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An Inniskilling Dragoon

CAPT. W. H. DAWSON, one of the best known Christ-
s in the South of England, was born in London,
in 1850, entered Harrow in 1864, passed 19th out of 130
for a direct commission, and at the age of 19, entered the
Inniskilling Dragoons as a Cornet, in 1870.   In 1873,
whilst at Newbridge Barracks the "great change took
  His conversion is told so simply in his own words
that we quote it.
   "One evening occupied with Orderly-room work and
preparing a Military Lecture till late I did not dine at
Mess, but had some light food in my quarters.   I thought
a little lighter reading than the Military Works I was
studying would be a change with my meals, so I sent
for the Regimental Library Catalogue.   No book attracted
my attention till the very end, and there I saw Vicars,
, Memorials of, by Miss Marsh.’
  I had heard of
the book but knew nothing about it.   I thought, ‘Well,
it must be this book, there is nothing else.’

   "I found that Hedley Vicars was Adjutant of his
regiment and a keen soldier, so I hoped that I might
learn something from him, but I had no idea there was
anything in the book that was ‘religious,’ or I should
not have sent for it!   I had respect for those who were
earnest godly persons, but kept out of their way, and
thought that such things were all very well for old people,
but not for those still young!
   "My life was just a careless, happy life, no thoughts
beyond the present and my profession.   A lover of horses,
cricket, etc., and the pleasures of life in a Cavalry Regi-
ment, with the busy work of Adjutant.   I began the book
and read right through.   As Adjutant, and loving my
work, the book appealed to me at once, but I was much
surprised that Hedley Vicars found some wonderful
blessing which completely changed his life, gave him
true happiness, and enabled him to look forward to
Heaven with an assurance which, to me, seemed startling
and extraordinary.   There seemed to me such a true ring
about the details that I was convinced it was a reality
and I was greatly interested.

   "My thought was, here is something quite new to me,
something wonderful; let me look into it; it seems to be
supernatural, I must be very ignorant.   What Hedley
Vicars found which gave him such complete satisfaction
and altered his whole life, might be also for me!
   "To become a good soldier of the Lord Jesus Christ,
to have a different object in life and a glorious eternity
before me, these were things I had never thought about.
Some passages I read over several times, especially the
verse which helped Hedley Vicars, ‘the [B]lood of Jesus
Christ his Son cleanseth us from all sin’
(1 John 1. 7).
This was like Hebrew to me, nothing whatever in it.
I must have read that verse a hundred times.   My thought
again was, if Hedley Vicars was a sinner, and needed
forgiveness of sins, then I must also be a sinner before
God, and I need forgiveness of my sins here and now.   If
he received that forgiveness at once, perhaps I may!   If
he accepted eternal life as a gift, and a present possession,
why should not I?
  I asked God to show me the meaning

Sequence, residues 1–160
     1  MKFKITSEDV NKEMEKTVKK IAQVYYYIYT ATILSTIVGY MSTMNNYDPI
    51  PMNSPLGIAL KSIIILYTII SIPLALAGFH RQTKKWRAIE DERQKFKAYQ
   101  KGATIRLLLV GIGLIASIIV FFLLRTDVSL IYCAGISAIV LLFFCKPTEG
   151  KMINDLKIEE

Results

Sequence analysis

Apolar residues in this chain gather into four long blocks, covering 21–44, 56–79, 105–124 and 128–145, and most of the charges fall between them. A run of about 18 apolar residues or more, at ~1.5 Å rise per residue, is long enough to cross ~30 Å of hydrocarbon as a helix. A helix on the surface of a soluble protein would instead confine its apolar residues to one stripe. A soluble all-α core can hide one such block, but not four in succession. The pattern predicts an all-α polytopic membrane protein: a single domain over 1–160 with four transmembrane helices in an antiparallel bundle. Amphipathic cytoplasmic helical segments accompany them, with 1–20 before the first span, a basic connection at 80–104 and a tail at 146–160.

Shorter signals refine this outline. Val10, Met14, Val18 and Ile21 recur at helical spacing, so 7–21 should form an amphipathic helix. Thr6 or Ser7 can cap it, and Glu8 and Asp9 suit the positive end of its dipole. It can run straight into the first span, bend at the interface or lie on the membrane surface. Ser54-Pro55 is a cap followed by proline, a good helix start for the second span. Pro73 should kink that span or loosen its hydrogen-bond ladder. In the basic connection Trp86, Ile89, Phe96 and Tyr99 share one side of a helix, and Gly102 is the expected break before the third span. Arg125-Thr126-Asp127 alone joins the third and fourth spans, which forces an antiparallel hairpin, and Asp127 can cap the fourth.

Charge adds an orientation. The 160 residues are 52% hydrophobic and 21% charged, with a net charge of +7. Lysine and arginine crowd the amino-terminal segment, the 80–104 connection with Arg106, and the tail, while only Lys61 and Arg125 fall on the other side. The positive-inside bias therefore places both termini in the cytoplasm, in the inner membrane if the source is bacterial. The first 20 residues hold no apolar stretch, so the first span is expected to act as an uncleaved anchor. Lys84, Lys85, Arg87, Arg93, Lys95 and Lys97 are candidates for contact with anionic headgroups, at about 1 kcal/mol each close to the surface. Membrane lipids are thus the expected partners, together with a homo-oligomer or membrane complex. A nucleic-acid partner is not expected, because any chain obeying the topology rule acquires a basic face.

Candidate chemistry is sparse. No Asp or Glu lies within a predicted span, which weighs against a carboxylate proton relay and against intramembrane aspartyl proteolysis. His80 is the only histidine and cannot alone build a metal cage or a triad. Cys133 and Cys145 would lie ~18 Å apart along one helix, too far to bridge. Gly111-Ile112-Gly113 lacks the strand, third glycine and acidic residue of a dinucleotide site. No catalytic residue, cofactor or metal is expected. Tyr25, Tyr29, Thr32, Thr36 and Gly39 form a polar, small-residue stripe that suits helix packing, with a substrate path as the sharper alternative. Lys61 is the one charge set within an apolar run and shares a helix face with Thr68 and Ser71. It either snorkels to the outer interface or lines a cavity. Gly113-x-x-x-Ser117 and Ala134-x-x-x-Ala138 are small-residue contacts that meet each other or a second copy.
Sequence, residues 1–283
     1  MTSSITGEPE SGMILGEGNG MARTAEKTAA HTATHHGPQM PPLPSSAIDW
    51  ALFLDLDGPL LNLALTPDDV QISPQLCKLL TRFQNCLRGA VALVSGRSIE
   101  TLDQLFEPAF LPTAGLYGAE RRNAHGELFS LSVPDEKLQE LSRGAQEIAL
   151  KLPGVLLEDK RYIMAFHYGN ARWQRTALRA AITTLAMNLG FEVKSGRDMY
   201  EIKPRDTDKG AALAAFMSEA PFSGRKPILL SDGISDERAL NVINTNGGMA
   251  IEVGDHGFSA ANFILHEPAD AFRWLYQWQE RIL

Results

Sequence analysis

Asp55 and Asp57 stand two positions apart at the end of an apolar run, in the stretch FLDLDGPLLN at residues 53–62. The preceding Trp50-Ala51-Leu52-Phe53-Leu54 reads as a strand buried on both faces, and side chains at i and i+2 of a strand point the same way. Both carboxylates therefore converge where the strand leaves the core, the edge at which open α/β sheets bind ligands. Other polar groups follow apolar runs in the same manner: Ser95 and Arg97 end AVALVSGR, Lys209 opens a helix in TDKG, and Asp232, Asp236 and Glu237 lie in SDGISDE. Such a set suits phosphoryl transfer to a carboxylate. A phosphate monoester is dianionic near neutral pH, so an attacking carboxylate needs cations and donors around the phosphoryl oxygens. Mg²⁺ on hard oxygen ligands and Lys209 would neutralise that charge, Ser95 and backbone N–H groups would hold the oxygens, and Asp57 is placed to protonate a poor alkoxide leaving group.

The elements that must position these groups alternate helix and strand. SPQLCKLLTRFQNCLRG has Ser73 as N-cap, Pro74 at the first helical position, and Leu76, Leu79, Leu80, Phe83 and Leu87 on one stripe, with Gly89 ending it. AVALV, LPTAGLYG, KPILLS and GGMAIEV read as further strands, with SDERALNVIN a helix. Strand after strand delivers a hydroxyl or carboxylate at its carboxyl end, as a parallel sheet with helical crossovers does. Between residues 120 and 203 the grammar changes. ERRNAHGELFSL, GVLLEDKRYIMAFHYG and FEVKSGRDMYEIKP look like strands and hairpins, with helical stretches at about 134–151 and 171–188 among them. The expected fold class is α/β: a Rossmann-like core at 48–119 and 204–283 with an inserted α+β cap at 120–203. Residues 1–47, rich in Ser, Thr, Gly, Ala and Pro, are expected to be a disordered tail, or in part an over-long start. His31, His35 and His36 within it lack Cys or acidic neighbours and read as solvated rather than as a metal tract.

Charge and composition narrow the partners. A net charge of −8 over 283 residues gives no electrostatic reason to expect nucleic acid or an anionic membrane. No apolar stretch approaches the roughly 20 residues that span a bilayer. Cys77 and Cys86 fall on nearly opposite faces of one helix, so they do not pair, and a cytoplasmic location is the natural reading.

of that verse, to change my life, to give me eternal life
and make me a good soldier of the Lord Jesus Christ.   I
prayed other words on my knees; my heart was stirred
and I longed to know what Hedley Vicars had learned.
I fell asleep after wondering what it all meant, a good
deal astonished and much perplexed.   I remember thinking
perhaps it will all have passed away by the morning;
it seemed complete darkness."

   In the morning he realised that he had taken the place
of a guilty snnner, accepted the Lord Jesus as his own
personal Saviour, and as he expressed it: "Some great
change, through the sovereign grace of God, had taken
place in me.   God had heard my prayer; I went forth that
day a changed man; it was a new life, though I could not
understand, or account for it, or explain it.   I do know
that my Bible was a new book to me that morning, and
verses stood out with a new meaning.   I had been blind;
now I began to see.   I seemed to have some new power
within me; it was an inward revolution, and gave a joy
which I had never known before.   I had found a Friend
in Heaven to whom I could look up, and a new object
in life.

   "At once I told my brother officers, and there was

considerable excitement!   Some said it was a ‘sort of fit,’
others said it was just a ‘dream,’ and would not last.
They soon saw there was a great change in my life; they
were quite puzzled and there was much discussion.

   "I saw there must be a separation from the former
things, so the playing cards were burned, billiard cues
given away, wine and smoking given up.

   "I could only say, it was marvellous to me that my
tastes were completely changed, and I no longer wanted
those things.   I had got that which was so much better,
and there was no room for the former things.   My desire
was that God would guide and control my life, and I
wanted to serve Him and help others into the same bless-
ing.   I know it is not always so, and to some it is a
real difficulty as to the line of separation from certain
things.   I can only humbly testify that as a young officer
of twenty-three, in the full enjoyment of all the usual
pleasures, the love of them was taken away, and I had
infinitely greater delight in spiritual things, in the things
of God than in all other things before, and the happiness
in the changed life contrasted with the happiness before,
was just as different as gold from copper."

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